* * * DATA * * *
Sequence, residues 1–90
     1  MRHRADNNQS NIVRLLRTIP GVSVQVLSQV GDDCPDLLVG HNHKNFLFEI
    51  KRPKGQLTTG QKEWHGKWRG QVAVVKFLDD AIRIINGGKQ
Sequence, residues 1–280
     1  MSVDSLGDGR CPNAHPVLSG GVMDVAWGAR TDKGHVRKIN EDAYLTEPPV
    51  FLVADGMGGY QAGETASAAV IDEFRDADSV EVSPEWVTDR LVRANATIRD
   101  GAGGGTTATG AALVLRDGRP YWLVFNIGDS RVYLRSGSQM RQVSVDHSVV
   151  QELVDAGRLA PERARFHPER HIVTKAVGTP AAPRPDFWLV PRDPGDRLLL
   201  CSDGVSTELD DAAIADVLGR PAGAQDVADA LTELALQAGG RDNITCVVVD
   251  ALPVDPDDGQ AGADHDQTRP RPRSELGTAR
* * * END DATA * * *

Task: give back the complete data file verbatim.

Sequence, residues 1–90
     1  MRHRADNNQS NIVRLLRTIP GVSVQVLSQV GDDCPDLLVG HNHKNFLFEI
    51  KRPKGQLTTG QKEWHGKWRG QVAVVKFLDD AIRIINGGKQ
Sequence, residues 1–280
     1  MSVDSLGDGR CPNAHPVLSG GVMDVAWGAR TDKGHVRKIN EDAYLTEPPV
    51  FLVADGMGGY QAGETASAAV IDEFRDADSV EVSPEWVTDR LVRANATIRD
   101  GAGGGTTATG AALVLRDGRP YWLVFNIGDS RVYLRSGSQM RQVSVDHSVV
   151  QELVDAGRLA PERARFHPER HIVTKAVGTP AAPRPDFWLV PRDPGDRLLL
   201  CSDGVSTELD DAAIADVLGR PAGAQDVADA LTELALQAGG RDNITCVVVD
   251  ALPVDPDDGQ AGADHDQTRP RPRSELGTAR